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UB Financial Aid Delayed

The first few weeks of classes can be challenging and frustrating for students. Classrooms are difficult to find, parking spaces are all taken, and books don’t read themselves. This fall, University at Buffalo students are experiencing another challenge: Their financial aid checks, which include grants, scholarships, and government loans, have been delayed by the school until the third week of the semester.

Students say they were not told in advance of the policy change. In many cases, students were unable to plan ahead for their financial shortfall. For undergraduate Savion Washington, that meant having to pick what he could and could not afford. “We can’t even buy our books,” he said, standing outside the school’s Student Response Center in Capen Hall.

In the past, financial aid has been disbursed to students before the school year began, allowing them plenty of time to buy books, pay their rent, and ready themselves for the semester’s’ studies. The change came as part of a plan by UB’s financial aid department to “adopt a process more aligned with our academic calendar,” said John Della Contrada, assistant vice president of media affairs at UB. Other colleges and universities nationwide have a similar timetable in place, he said, including Buffalo State College. Financial aid is calculated based on a student’s need and course load. Administrators in financial aid would prefer to see checks disbursed to students after their class schedules are finalized to avoid having to adjust awards if a student drops or adds classes.

But in an interview with UB newspaper The Spectrum about the change in policy, interim director of financial aid Jennifer Pollard said that the problem stemmed from student fraud. Students were accepting grants and scholarships only to drop out of school, leaving the school to foot the bill. Pollard declined to be interviewed for this story.

Della Contrada said that students defaulting on their loans was not a factor. UB’s default rate is among the nation’s lowest, at 2.2 percent in 2008, the last year for which statistics are available. It was not clear why Pollard had cited student loan fraud as a concern.

For those on a tight budget, like graduate student and media studies adjunct Cayden Mak, the situation is serious. “I haven’t paid my September rent yet,” he said, though it was already the second week of the month. Mak relies on financial aid and his teaching stipend to pay for his tuition, room and board, textbooks, and living expenses. He says that though he can understand the motivation to streamline the financial aid process, he can’t understand the lack of information provided to students regarding the change. “We’ve all seen the football team’s new uniform. There’s no reason they couldn’t say that the financial aid disbursement had changed.”

Mak believes that students’ needs were disregarded by the financial aid department in this change, and that administrators simply forgot to consider low-income students.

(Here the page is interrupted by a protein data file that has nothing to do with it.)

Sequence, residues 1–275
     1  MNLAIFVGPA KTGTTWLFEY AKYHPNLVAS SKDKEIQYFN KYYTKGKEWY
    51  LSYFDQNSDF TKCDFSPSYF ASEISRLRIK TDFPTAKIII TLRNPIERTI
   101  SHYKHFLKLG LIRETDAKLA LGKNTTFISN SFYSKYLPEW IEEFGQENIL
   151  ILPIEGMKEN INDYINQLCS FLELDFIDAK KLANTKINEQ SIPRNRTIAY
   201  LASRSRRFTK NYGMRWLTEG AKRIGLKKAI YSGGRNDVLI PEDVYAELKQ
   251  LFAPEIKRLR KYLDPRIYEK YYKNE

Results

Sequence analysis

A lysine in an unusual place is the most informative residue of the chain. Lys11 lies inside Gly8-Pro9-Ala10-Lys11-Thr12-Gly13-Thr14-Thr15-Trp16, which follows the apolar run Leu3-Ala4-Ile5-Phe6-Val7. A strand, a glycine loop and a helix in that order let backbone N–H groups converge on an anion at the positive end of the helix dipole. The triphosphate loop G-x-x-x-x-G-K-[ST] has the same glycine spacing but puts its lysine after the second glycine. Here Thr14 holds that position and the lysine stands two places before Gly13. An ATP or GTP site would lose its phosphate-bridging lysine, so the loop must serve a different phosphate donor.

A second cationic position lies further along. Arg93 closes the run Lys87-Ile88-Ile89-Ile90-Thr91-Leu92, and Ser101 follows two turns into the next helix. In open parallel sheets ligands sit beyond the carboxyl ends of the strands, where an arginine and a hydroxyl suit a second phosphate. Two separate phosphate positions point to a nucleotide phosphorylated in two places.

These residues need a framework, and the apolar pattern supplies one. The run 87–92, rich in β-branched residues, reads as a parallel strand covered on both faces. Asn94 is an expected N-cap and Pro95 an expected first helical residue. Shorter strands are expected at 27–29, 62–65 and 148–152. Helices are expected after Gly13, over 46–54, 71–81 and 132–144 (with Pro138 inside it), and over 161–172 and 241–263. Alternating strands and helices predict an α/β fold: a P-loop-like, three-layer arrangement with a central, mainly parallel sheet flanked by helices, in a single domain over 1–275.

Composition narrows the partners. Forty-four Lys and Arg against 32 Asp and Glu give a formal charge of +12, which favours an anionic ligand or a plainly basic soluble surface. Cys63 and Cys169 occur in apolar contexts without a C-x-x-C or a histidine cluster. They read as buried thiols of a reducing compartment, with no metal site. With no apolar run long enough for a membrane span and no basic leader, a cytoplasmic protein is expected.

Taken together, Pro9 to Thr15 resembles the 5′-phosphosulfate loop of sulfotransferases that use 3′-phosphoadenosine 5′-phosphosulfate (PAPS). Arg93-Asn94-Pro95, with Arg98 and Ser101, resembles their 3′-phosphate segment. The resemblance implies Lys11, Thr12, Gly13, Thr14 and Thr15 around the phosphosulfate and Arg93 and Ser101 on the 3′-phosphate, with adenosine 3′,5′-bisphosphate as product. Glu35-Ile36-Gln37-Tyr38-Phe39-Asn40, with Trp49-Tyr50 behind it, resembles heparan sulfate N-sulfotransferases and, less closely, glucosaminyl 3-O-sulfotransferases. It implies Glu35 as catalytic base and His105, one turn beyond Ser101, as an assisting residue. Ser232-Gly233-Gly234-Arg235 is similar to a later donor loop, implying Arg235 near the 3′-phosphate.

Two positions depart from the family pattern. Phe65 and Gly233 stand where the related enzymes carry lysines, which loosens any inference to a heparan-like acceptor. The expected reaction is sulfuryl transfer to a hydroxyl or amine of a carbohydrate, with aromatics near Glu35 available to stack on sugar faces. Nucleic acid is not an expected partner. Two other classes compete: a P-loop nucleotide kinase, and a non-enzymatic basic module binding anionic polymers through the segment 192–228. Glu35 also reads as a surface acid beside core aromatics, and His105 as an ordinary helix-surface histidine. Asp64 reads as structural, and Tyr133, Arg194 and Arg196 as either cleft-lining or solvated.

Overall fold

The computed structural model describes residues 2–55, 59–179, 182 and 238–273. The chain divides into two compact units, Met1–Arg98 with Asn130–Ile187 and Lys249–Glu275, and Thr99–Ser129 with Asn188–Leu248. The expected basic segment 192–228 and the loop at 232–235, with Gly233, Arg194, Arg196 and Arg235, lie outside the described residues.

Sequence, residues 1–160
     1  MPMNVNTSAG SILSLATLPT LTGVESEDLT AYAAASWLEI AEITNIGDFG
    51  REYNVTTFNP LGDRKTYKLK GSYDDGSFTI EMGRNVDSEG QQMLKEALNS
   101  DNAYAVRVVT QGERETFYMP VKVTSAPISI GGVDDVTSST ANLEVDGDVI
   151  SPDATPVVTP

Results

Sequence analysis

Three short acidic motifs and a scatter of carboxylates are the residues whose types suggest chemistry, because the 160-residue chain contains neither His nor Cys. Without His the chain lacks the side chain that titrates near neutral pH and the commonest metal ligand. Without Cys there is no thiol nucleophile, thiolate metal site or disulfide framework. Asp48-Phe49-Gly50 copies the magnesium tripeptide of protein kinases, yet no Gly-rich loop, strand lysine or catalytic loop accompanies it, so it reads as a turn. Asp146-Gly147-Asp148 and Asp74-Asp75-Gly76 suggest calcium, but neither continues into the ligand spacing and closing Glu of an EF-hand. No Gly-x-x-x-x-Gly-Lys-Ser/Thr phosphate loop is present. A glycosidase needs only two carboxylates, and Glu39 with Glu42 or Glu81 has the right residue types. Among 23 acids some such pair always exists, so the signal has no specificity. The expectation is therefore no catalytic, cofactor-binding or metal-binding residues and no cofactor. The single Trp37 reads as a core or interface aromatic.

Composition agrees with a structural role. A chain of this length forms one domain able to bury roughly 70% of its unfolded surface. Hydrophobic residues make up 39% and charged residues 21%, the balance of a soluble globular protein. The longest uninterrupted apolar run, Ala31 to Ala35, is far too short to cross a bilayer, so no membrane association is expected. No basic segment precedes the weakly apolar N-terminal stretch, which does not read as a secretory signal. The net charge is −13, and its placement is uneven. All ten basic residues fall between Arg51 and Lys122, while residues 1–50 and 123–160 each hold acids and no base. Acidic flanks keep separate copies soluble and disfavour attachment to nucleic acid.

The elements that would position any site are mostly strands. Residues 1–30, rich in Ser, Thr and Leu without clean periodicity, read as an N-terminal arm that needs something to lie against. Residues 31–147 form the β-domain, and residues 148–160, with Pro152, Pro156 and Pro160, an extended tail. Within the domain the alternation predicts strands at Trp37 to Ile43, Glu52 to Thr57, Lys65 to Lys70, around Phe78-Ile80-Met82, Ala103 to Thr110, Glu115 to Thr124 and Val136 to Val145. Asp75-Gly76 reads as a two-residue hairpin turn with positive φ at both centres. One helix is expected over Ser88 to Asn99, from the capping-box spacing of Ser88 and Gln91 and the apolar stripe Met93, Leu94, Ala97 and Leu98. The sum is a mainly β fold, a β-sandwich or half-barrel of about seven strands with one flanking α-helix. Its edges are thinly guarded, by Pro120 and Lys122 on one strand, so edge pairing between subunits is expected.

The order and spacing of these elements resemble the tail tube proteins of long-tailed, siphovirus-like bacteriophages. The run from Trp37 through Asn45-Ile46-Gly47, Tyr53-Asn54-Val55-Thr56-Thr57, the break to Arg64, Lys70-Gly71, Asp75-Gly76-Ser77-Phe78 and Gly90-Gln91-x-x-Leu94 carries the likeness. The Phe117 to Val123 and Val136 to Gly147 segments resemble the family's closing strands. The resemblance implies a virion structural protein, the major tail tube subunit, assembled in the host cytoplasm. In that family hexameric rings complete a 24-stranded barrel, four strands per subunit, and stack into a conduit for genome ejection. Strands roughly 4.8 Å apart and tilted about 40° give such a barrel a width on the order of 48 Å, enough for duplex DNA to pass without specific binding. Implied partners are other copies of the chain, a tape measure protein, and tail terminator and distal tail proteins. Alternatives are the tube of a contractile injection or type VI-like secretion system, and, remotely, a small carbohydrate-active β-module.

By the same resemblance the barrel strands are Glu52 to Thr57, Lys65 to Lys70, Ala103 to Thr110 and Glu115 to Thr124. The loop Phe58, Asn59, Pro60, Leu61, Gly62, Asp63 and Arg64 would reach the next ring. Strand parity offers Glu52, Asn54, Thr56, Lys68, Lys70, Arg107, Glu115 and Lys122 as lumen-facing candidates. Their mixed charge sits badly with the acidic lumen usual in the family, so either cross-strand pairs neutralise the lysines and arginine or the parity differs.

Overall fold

Della Contrada admits that UB did not do enough to inform students of the change in policy. “The communication process should have been much better,” he said. “Right now we’re focusing on getting students all the aid they qualify for, then the office will look for what improvements need to be made.” The roughly 18,000 university students enrolled in financial aid were not directly notified that their aid would be delayed by three weeks. Although the school has resources devoted to issues of enrollment and financial aid, in recent weeks the Student Response Center has received a record number of callers, and the hold times have been long. There were notices on university websites for financial aid and student advisement, as well as students’ university home pages.

Della Contrada pointed out that students are able to take out a $600 loan against their financial aid using the school’s Campus Cash program. The card acts as a debit card and is accepted in several off- and on-campus shops, including the university bookstore. The sentiment among students seemed to be clear, though: The landlord doesn’t take Campus Cash.

Adding to the sense of frustration on campus were statements made by Pollard to The Spectrum, in which she said that “Financial aid is there to pay your tuition, fees, books and help with any additional expenses you have, but I think a lot of students believe it’s just there to help support their life style.” Mak said the statement made him feel like a welfare queen. “We should work in an environment more respectful than that,” he said.

Della Contrada said that Pollard’s statements were made weeks before the story ran August 31, and that Pollard “did not intend her quote to be a reaction to student frustrations.” Della Contrada emphasized that Pollard “has a reputation as someone who always has the best interests of students at heart” and that “she regrets that her statements were offensive to students.”

For Liz Rywelski, a graduate student and photography adjunct, getting another job to support herself isn’t an option. As a full-time student and adjunct instructor of photography, her financial aid includes her stipend as an instructor. Graduate assistants, she said, “are that group that can’t function without access to funds prior to school starting.” Rywelski said that graduate students were not considered as part of the process. Though she was open about her financial situation, she said that many students probably weren’t. “I would feel bad for someone who just moved here and doesn’t have resources.”

Della Contrada said the university is working to make the system work better next semester.

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